Here is a consultant’s review (with poorly-scanned photos) looking at the results of Phase 1 of Ottawa’s Afghan rural economic development initiative, the Integrated Alternative Livelihoods Program (see my previous post for more). Many pages of the report detail the problems with development projects in one of the world’s least-governed countries. Page 14, for example, describes how contractors hired to build canals faced resistance unless workers came from, or had the approval of, the community they worked in.
The report also describes, at length, how primitive much of the country is. Page 20 provides an account of the northern village of Robat and its struggle building a wall to divert flood waters away from a community cemetery. The seasonal rise in the water level led to exposed graves and washed-away ancestral remains, yet villagers could not find the resources or technology to build an effective barrier to keep the hallowed ground dry.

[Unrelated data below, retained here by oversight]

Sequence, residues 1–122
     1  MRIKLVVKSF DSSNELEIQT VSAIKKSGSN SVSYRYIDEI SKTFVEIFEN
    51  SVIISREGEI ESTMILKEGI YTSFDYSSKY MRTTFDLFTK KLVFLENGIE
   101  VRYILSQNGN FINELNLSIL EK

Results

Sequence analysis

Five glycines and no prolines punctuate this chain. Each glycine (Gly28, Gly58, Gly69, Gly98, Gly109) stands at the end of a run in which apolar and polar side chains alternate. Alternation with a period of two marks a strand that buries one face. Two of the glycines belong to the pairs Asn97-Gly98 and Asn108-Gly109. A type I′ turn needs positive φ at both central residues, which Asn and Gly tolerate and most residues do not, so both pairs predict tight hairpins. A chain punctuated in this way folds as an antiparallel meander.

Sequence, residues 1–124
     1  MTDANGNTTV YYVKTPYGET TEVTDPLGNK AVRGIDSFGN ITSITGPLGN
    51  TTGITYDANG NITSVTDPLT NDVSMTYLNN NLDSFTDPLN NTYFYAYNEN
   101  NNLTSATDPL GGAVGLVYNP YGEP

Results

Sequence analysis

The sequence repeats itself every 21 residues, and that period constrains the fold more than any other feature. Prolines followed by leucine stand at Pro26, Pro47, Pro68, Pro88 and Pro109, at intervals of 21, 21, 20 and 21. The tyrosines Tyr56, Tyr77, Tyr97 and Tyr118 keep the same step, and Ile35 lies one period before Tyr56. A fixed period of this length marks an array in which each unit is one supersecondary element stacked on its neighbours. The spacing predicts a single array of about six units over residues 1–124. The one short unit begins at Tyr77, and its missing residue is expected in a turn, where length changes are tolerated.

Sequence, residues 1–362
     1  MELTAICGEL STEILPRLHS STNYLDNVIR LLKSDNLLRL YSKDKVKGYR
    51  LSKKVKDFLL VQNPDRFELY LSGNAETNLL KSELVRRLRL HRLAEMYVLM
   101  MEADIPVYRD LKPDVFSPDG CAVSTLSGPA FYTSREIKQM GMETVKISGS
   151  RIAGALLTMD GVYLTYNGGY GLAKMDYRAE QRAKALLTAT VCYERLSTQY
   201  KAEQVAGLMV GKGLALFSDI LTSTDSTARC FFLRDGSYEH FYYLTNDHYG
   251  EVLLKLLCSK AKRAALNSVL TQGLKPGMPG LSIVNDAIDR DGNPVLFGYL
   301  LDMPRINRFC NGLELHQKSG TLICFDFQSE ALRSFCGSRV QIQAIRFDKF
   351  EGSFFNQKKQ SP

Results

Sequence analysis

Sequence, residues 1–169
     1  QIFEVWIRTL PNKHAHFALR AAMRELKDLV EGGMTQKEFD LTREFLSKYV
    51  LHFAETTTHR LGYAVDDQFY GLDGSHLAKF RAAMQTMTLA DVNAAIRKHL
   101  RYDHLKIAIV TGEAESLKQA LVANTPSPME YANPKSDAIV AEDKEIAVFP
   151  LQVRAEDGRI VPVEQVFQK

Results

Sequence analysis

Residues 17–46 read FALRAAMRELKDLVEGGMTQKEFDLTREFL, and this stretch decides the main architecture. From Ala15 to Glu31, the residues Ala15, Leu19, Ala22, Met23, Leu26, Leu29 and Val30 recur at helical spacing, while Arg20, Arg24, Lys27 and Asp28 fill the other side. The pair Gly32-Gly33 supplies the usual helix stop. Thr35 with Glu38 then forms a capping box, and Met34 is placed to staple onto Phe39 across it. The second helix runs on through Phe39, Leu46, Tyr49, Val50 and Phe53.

Page 25 provides some lessons learned by observers. Basically, “All people’s needs can be summarized in two words: water and electricity.” Without electricity, farmers cannot dig deep enough wells to gain reliable access to water. But without being able to produce high-value crops, they cannot raise the money needed to buy fuel and power the generators needed to help dig those wells. Page 29 describes how farmers from small villages are at the mercy of Pakistani traders, who have the extensive logistics networks needed to reach rural Afghanistan. With farmers at the traders’ mercy, middlemen can buy crops for a fraction of what the growers would make if they had the ability to transport their produce to the market.
The report concludes with some lessons for the currently-active Phase 2 of IALP, which runs until 2011 – the withdrawal date for Canada’s combat operations. Someone will have to file an FOI request in a year or two to see if this report’s advice was listened to.